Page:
Sinatra Activerecord Setup

Objectives

  1. Setup a database in a Sinatra application.
  2. Create and use a Rakefile to run ActiveRecord migrations.
  3. Use ActiveRecord in a Sinatra application.

Overview

Sinatra doesn't come with database support out of the box, but it's relatively easy to configure. In general, we'll be working from templates that have this pre-built, but it's good to understand what's going on under the hood. We're going to practice adding a database to our Sinatra applications.

Instructions

Fork and clone this repository to get started! We have a basic sinatra application stubbed out with an app.rb file acting as the controller.

Adding Your Gems

First, we'll add three gems to allow us to use ActiveRecord: activerecord version 4.2.5, sinatra-activerecord, and rake. activerecord gives us access to the magical database mapping and association powers. rake, short for "ruby make", is a package that lets us quickly create files and folders, and automate tasks such as database creation, and sinatra-activerecord gives us access to some awesome Rake tasks. Make sure those three gems are in your Gemfile:

    gem 'sinatra'
    gem 'activerecord', '4.2.5'
    gem 'sinatra-activerecord'
    gem 'rake'
    gem 'thin'
    gem 'require_all'

Into our development group, we'll add two other gems: sqlite3 and tux. sqlite3 is our database adapter gem - it's what allows our Ruby application to communicate with a SQL database. tux will give us an interactive console that pre-loads our database and ActiveRecord relationships for us. Since we won't use either of these in production, we put them in our :development group - this way, they won't get installed on our server when we deploy our application.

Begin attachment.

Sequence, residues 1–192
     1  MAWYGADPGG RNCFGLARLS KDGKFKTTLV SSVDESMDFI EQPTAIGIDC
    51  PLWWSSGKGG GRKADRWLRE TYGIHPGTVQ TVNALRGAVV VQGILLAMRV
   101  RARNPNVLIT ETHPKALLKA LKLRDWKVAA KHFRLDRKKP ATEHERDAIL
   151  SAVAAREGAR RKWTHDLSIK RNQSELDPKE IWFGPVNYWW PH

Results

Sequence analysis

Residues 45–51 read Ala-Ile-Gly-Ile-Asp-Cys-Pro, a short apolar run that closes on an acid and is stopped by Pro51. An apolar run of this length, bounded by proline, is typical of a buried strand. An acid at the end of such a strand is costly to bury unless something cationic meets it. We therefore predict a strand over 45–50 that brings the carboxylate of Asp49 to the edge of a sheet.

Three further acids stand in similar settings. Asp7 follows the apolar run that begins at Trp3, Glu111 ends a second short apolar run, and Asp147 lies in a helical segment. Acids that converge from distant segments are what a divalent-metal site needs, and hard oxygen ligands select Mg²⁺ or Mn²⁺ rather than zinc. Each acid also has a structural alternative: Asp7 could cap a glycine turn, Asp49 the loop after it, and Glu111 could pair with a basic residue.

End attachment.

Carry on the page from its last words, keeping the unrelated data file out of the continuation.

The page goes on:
gem 'sinatra'
    gem 'activerecord', '4.2.5'
    gem 'sinatra-activerecord'
    gem 'thin'
    gem 'require_all'

    group :development do
        gem 'shotgun'
        gem 'pry'
        gem 'tux'
        gem 'sqlite3'
    end

Our Gemfile is up to date - awesome! Go ahead and run bundle install to get your system up to speed.

Connecting to the Database

We now have access to all of the gems that we need, but we still need to set up a connection to our database. Add the following block of code to your environment.rb file (underneath Bundler.require(:default, ENV['SINATRA_ENV'])).

configure :development do
  set :database, 'sqlite3:db/database.db'
end

This sets up a connection to a sqlite3 database named "database.db", located in a folder called "db." If we wanted our .db file to be called dogs.db, we could simply change the name of this file:

configure :development do
  set :database, 'sqlite3:db/dogs.db'
end

But for now, database.db is a great name. Notice that this didn't actually create those files or folders yet - that's how Rake will help us.

Making a Rakefile

As we mentioned, rake gives us the ability to quickly make files and set up automated tasks. We define these in a file called Rakefile. First, create a Rakefile in the root of our project directory. In the Rakefile, we'll require our config/environment.rb file to load up our environment, as well as "sinatra/activerecord/rake" to get Rake tasks from the sinatra-activerecord gem.

require './config/environment'
require 'sinatra/activerecord/rake'

In the terminal, type rake -T to view all of the available rake tasks. You should see the following output: